Vietnam: Resistance to an Imperial War

Issue Theme intro


Fifth Estate # 395, Winter 2016 - 50th Anniversary

We are all outlaws in the eyes of America…
We are obscene lawless hideous dangerous dirty violent and young…
We are forces of chaos and anarchy
Everything they say we are we are
And, we are very Proud of ourselves
—”We Can Be Together” (Jefferson Airplane, from “Volunteers,” 1969)

And, traitorous.

Don’t forget traitorous—the most unforgivable, unpatriotic transgression of all by a nationalist measure.

Anti-Vietnam War protest, DetroitThose Americans who committed acts of treason by opposing the U.S. invasion and destruction of Vietnam should, indeed, be very proud of themselves.

The U.S. Congressional mandate for a 15-year commemoration of those who waged the American war in Vietnam or enabled that ignoble conflict get no recognition in these pages. Remembrance of that conflict should bring shame, not honor to those responsible for its planning and execution.

Instead, we honor those who committed treason to the empire. We salute the heroic soldiers and sailors who refused to fight, who carried out sabotage and indiscipline, and finally, as our article in this issue points out, began mutinies that made the generals realize that a continuation of the war was impossible.

War criminal Richard Nixon warned that he would not be the first American president to preside over a losing war, but when it looked like he might lose his army, the end was sealed with a well-deserved American defeat.

Looking back half a century, it’s difficult to conceive of how widespread opposition was to the war even by those who participated in it. Most people are aware of the million person marches in New York City and Washington and the draft and military resistance which are chronicled in histories of the era.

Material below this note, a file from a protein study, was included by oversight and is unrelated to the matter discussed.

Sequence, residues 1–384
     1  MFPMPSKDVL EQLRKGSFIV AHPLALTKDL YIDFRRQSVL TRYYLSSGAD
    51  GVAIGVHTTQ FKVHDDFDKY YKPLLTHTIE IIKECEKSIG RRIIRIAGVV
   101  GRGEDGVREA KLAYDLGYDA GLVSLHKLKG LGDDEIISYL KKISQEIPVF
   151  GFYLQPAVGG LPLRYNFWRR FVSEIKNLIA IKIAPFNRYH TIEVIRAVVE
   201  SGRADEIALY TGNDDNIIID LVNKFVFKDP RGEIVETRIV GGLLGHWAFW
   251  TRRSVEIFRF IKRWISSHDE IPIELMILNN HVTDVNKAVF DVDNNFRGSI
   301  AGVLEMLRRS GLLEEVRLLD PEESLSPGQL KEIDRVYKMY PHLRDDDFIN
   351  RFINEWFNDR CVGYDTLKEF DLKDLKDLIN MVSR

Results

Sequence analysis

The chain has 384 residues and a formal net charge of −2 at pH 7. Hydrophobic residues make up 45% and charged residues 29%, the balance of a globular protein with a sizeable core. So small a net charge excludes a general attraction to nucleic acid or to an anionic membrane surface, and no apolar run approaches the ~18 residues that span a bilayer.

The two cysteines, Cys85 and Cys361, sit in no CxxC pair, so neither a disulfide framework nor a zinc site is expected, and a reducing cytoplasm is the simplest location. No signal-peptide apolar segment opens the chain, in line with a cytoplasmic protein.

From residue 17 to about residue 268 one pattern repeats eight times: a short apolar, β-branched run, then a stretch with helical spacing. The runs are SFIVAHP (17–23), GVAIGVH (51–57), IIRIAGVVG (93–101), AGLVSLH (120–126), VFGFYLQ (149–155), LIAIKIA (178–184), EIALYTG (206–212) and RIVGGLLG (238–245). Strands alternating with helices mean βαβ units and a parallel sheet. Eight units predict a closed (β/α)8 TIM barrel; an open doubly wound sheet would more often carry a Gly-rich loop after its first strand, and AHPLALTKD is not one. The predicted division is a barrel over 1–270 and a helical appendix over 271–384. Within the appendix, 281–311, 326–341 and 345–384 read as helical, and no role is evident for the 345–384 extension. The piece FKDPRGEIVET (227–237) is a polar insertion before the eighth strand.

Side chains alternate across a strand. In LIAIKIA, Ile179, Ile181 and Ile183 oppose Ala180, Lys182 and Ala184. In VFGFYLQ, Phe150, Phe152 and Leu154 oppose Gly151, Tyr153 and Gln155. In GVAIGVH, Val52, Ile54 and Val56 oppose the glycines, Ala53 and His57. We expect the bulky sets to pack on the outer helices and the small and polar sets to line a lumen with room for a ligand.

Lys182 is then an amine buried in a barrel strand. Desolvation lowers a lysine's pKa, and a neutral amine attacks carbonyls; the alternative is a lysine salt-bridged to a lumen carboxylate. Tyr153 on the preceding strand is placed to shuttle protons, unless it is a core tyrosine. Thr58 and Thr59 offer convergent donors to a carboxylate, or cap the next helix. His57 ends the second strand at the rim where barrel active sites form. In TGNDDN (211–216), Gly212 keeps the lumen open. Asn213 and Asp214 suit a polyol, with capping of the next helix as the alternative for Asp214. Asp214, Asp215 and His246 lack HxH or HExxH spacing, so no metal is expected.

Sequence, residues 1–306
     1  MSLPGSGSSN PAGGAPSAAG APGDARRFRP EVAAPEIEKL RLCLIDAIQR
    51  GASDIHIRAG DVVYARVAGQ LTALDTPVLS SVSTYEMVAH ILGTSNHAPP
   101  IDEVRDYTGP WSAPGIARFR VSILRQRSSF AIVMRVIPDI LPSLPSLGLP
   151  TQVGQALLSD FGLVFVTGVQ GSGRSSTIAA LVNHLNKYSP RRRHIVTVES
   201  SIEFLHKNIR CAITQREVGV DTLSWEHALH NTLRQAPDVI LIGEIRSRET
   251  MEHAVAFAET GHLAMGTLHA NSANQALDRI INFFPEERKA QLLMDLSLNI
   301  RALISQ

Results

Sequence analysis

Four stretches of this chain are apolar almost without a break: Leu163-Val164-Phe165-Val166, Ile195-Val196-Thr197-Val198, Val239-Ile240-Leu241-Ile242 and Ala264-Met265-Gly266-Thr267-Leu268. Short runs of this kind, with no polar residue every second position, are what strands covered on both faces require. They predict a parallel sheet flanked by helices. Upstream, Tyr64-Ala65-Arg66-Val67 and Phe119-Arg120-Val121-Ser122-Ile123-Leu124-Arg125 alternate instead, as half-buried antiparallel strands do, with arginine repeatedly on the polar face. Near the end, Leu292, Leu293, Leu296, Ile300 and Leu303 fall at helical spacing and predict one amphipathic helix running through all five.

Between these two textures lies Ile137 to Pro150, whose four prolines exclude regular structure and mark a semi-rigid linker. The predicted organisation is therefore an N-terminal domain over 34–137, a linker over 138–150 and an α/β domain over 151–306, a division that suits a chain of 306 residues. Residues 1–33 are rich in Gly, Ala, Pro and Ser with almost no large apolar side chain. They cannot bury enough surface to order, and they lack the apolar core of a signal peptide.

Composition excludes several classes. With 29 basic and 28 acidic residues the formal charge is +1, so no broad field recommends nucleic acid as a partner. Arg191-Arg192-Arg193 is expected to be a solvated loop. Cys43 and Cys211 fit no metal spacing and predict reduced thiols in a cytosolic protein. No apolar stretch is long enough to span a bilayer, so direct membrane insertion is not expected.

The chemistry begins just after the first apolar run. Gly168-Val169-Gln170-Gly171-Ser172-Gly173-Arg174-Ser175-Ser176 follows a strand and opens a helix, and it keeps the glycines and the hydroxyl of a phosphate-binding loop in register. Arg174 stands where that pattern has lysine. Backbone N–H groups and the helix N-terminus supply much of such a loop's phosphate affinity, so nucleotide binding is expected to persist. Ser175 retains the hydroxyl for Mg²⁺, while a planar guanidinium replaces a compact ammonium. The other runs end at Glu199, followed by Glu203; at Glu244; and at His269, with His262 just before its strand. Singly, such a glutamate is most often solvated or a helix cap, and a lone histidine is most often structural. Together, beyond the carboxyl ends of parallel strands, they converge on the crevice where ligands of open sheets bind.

But, there were daily anti-war actions during the peak war years in the smallest of towns and on the most conservative college campuses. Persons, usually never apprehended, bombed draft boards and buildings connected with the war. People withheld their taxes. Activists held unending meetings of protest, while others disrupted ones where spokesmen for the Johnson and Nixon administrations spoke.

This publication, from its first issue, opposed the conflict, and often ran articles and posters calling for a victory for the Vietnamese National Liberation Front. Throughout the war, it used a silhouette of a so-called Viet Cong guerrilla armed with an AK47 rifle as our emblem of support for the country’s designated enemy.

Almost every definable sector of society and even job category had organizations devoted to war opposition including the improbably named Business Executives Move for Vietnam Peace. Popular disgust drove Lyndon Johnson from the White House in 1968 only to see him replaced by an even worse warmonger, Richard Nixon, and his dreadful consigliore, Henry Kissinger.

So callous were these men and their minions in their disregard for human life on either side, that winning the war was a political calculation; domestically for the soon to be disgraced president, and for Kissinger, now branded internationally as a war criminal, his vision of realpolitik where the U.S. could project its military and economic power uncontested anywhere in the world.

Unfortunately, Kissinger’s vision of a Fourth Reich received only a temporary set-back lasting several years following the 1975 humiliating American rout from Saigon. The militarists licked their wounds until, like Mussolini conquering an almost defenseless Ethiopia in 1936, U.S. Presidents Reagan and Bush I achieved imperial triumphalism with victories over Grenada and Panama. These small conflicts overcame the so-called Vietnam Syndrome, a public aversion to military adventures abroad, and set the stage for the manufactured reasons for the first and second Iraq wars.

We offer all admiration and respect for those who fight against the wars of the empire, and only loathing and contempt for the war makers in Washington.

We print these following accounts of opposition to the Vietnam War partially as tribute, but hopefully also as a model for what an engaged population can accomplish to stop a merciless and powerful opponent.

Related articles in this issue

Mutinies at the Outposts of Empire
Rob Blurton

Two Posters: Art Against War
Peter Werbe

The Girl Who Would Stop Time
Steve Slavin

Hanoi Jane Legacy
Jerry Lembcke

War Tax Resistance
Erica Weiland

Jane Fonda & the Anti-Aircraft Gun
Fifth Estate Collective